The sound I can hear it is true, but not the words.
Beethoven tried to keep news of the problem secret from those closest to him. He feared his career would be ruined if anyone realised. Once Beethoven was out for a country ramble with fellow composer Ferdinand Ries, and while walking they saw a shepherd playing a pipe.
Beethoven would have seen from Ries's face that there was beautiful music playing, but he couldn't hear it. It's said that Beethoven was never the same again after this incident, because he had confronted his deafness for the first time.
Beethoven could apparently still hear some speech and music until But by the age of 44, he was almost totally deaf and unable to hear voices or so many of the sounds of his beloved countryside. It must have been devastating for him.
The conventional "first period" begins after Beethoven's arrival in Vienna in The work of the middle period established Beethoven as a master. His Deafness, Illnesses, and Death. There was a problem with your submission. He re-wrote one aria no fewer than 18 times and came up with four different overtures before deciding upon the one he liked.
The exact cause of his hearing loss is unknown. Theories range from syphilis to lead poisoning, typhus, or possibly even his habit of plunging his head into cold water to keep himself awake. At one point he claimed he had suffered a fit of rage in when someone interrupted him at work. Having fallen over, he said, he got up to find himself deaf.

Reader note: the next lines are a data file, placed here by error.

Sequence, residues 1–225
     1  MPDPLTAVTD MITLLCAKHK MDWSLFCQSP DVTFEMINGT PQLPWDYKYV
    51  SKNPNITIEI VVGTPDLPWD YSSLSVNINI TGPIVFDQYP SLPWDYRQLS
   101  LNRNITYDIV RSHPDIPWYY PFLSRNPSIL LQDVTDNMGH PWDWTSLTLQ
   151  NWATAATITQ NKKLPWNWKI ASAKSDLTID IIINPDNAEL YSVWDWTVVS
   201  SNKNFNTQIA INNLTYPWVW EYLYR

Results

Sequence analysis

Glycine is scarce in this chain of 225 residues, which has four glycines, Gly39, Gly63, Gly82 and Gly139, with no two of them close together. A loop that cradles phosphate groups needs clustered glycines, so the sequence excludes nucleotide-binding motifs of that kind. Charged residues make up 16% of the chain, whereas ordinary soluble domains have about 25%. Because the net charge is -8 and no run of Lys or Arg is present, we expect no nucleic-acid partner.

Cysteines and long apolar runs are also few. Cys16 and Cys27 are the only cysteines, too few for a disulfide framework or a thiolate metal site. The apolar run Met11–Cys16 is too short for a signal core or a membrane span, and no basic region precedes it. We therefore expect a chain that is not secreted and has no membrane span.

At other times he blamed it on gastrointestinal problems. An autopsy carried out after he died found he had a distended inner ear, which developed lesions over time. Here's Beethoven's famous Symphony No. Its famous opening motif is often referred to as 'fate knocking at the door'; the cruel hearing loss that he feared would afflict him for the rest of his life. Taking a lukewarm bath of Danube water seemed to help Beethoven's stomach ailments, but his deafness became worse. One bizarre remedy was strapping wet bark to his upper arms until it dried out and produced blisters.
This didn't cure the deafness—it only served to keep him away from his piano for two weeks. After , he gave up seeking treatment for his hearing. He tried a range of hearing aids, such as special hearing trumpets. Beethoven had heard and played music for the first three decades of his life, so he knew how instruments and voices sounded and how they worked together. His deafness was a slow deterioration, rather than a sudden loss of hearing, so he could always imagine in his mind what his compositions would sound like.
Beethoven's housekeepers remembered that, as his hearing got worse, he would sit at the piano, put a pencil in his mouth, touching the other end of it to the soundboard of the instrument, to feel the vibration of the note. In his early works, when Beethoven could hear the full range of frequencies, he made use of higher notes in his compositions.
As his hearing failed, he began to use the lower notes that he could hear more clearly. Bernards making them potentially dangerous to humans and advises him to watch Beethoven closely for any sign of viciousness. He actually requires large-skulled dogs such as St. Bernards for an ammunition test.